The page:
3. lardown says:

    I don't teach. I've been in classes where I really sense that the Teacher is in the space that you wrote about… they are the ones that keep me coming back!

  4. I agree completely, those are the best classes. 🙂 My favorites too! Thanks for your comment, it means a lot. <3

  5. Vision_Quest2 says:

    When what was described happens by a yoga teacher, in your yoga class, to an extreme–it's called countertransference.

    It's rare. It's cherished by me. And it's priceless.

    It happened in a non-sweaty, throwback mild hatha class, so some of what was mentioned in the article did not apply to my experience.

  6. melancholy says:

    thank you so much for this… it actually made me cry. as a yoga student who constantly struggles with her confidence and her negative thinking, I tend to think that teachers probably roll their eyes the minute I walk into the studio, so what you wrote here was an extremely sweet and warm insight into a teacher's mind (oh and it's not that I REALLY think my teachers would roll their eyes… otherwise I would probably not come back every single day, it's just my weird mind playing tricks on me and I do know that ;))

  7. Taisa says:

    This is beautiful! I just recently started teaching and this is truly how I feel. Basking and sharing in expansive love, light and sweat together. Thanks for spreading this important and delicious message!

  8. erin crawford says:

    perfect:) well said sista

  9. yogasamurai says:

    Kristen, you sound like a dedicated teacher – but with all due respect it doesn't really matter what the yoga teacher thinks.

    If there weren't "transference" to begin with – which is not essential for learning yoga – there would be no need to worry about whether "counter-transference" has occurred.

    This is largely a "girl" problem – but it's a serious one. Having psycho-therapeutic dynamics occur in a setting where the consumer is often blissfully unaware of what's coming out of them — and the teacher, prone to his or her own heady ego trip, is teaching without a therapeutic license, is a precarious setting.

    Right here, in fact, are the seeds of emotional and psychological abuse – and it's occurring every day in thousands of studios nationwide, and in extreme cases, in entire movements like Dahn Yoga, Anusara Yoga, Forrest Yoga, Michael Roach's Buddhist cult, and the list is growing.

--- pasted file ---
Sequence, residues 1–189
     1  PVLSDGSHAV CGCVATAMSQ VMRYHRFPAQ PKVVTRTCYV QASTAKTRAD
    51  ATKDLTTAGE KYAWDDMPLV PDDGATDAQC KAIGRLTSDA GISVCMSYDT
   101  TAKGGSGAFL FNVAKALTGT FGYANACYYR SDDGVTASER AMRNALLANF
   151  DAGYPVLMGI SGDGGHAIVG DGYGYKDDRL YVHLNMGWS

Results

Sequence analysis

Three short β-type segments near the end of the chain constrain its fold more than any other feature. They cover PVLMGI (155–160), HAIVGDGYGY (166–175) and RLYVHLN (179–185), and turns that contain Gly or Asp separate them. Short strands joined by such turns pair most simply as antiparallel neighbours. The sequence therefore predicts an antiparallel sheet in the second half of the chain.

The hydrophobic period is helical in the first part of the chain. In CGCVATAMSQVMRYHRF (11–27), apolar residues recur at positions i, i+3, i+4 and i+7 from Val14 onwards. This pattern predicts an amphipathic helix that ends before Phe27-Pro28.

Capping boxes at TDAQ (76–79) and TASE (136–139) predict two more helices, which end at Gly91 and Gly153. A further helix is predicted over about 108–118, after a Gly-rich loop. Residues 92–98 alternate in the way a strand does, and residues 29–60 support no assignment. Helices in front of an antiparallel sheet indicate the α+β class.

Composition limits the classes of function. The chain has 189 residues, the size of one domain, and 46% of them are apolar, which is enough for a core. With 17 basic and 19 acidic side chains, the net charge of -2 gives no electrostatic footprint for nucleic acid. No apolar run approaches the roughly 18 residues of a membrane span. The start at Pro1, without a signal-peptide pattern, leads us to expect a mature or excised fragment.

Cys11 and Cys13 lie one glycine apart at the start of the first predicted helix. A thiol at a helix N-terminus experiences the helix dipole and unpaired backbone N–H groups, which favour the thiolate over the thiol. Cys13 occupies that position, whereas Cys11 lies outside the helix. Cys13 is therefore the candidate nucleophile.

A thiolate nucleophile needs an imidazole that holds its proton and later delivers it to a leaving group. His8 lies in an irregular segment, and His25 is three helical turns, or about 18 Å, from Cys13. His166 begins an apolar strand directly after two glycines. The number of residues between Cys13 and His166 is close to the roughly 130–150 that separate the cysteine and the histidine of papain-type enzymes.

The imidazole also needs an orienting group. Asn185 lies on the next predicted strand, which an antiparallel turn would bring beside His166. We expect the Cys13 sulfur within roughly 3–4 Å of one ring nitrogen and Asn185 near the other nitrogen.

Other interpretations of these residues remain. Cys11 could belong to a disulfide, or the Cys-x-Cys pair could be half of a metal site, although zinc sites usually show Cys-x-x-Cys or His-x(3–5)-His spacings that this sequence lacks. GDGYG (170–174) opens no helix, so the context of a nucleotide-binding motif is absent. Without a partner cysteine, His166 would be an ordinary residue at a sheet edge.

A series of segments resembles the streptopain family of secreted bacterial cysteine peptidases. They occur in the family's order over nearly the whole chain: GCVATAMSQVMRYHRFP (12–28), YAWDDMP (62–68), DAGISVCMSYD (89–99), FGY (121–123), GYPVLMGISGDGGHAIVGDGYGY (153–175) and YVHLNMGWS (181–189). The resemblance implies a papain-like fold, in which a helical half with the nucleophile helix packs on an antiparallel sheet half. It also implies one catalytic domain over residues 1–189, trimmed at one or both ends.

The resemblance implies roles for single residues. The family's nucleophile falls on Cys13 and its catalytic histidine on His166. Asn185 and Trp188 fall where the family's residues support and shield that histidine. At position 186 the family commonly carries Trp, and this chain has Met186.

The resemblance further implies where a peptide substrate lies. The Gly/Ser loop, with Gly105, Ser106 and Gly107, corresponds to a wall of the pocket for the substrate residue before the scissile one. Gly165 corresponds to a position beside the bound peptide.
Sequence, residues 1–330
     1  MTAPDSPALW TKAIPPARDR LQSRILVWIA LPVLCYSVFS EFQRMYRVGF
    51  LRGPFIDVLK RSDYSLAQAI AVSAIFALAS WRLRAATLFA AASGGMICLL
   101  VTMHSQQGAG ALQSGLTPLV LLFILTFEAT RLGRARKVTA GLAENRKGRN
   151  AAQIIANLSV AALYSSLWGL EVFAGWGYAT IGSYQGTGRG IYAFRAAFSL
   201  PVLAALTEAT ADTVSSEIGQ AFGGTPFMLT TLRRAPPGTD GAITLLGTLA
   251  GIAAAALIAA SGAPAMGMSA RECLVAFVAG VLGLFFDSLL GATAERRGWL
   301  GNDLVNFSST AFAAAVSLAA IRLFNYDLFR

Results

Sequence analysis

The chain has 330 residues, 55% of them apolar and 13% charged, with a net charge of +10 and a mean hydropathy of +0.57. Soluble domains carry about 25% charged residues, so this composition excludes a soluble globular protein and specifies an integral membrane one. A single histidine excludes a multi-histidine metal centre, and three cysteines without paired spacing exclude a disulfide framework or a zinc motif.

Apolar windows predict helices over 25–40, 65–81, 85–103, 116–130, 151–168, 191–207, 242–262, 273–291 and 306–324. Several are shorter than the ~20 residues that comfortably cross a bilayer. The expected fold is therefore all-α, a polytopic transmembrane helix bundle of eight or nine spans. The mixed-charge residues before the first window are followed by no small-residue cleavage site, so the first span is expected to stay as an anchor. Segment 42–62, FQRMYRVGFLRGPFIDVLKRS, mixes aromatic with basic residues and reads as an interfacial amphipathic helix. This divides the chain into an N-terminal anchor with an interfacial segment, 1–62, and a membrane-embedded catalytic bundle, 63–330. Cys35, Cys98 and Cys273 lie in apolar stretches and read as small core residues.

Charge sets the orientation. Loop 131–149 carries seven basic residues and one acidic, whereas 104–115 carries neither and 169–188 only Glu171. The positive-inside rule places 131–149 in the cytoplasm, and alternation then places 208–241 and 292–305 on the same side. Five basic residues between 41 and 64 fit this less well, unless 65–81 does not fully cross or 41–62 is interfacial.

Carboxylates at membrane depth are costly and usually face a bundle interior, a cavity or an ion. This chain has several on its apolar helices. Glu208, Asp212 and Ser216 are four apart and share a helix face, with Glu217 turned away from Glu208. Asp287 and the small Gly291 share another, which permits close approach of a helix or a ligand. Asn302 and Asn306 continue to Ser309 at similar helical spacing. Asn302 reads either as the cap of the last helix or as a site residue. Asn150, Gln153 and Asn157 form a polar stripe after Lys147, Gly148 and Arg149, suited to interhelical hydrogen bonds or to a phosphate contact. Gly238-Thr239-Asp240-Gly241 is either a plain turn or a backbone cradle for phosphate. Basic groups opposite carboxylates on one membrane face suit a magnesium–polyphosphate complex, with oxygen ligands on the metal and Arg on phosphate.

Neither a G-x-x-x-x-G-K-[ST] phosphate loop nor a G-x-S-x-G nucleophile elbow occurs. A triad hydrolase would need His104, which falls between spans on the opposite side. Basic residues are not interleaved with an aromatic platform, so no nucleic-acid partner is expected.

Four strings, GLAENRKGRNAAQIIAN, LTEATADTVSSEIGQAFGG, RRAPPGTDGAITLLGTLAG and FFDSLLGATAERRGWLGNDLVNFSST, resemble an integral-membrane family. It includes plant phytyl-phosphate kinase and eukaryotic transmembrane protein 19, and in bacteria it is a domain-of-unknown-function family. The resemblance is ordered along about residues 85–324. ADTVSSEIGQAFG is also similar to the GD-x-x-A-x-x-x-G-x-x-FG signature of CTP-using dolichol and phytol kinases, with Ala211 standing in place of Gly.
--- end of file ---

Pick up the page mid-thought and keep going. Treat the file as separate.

Frankly, this is one good reason that we need a more professional, therapeutically trained, and accredited yoga teacher corps. That training and credentialing should occur completely outside the commercial and personal "branding" environments of the privately owned studios.

    There's no good reason for the studios at all – not to learn or to study yoga. Zilch. I see most of them like banks or businesses that come in to "prey" on local communities. The real estate industry loves them, because they tend to gentrify neighborhoods right behind the new yoga studio – just as they once did with "magnet" stores.

    Just ask them.

  10. yogasamurai says:

    By the way, I have had some great experiences learning yoga – but definitely not in the studios.

    There's this idea that the studios are where the "real" or the "pure" yoga is being taught, compared to mere "fitness" yoga elsewhere?

    That's studio owner – i.e. small business capitalist – propaganda. It's total nonsense. There's plenty of really bad fitness yoga in the studios, too.

    The best yoga classes I have ever taken were at a local community center — or at the YMCA.

    The studio is where the real creepy weirdness begins – out of the public limelight.

  11. YES!!! This is what keeps me coming back to the mat in front of others is sheer joy at watching people learn and absorb. I don't teach asana heavy classes anymore and sometimes I love my students the most when they open an eye during meditation or look totally lost when discussing philosophy … I love them when they look all relaxed and glassy eyed after nidra…I love that they want to learn and try and be…I love how much they teach me… This was an awesome post — and I am so relieved, I almost didn't click on it because I was afraid of what direction it was going to go…thank you for surprising 🙂

  12. Shamanic_Rite says: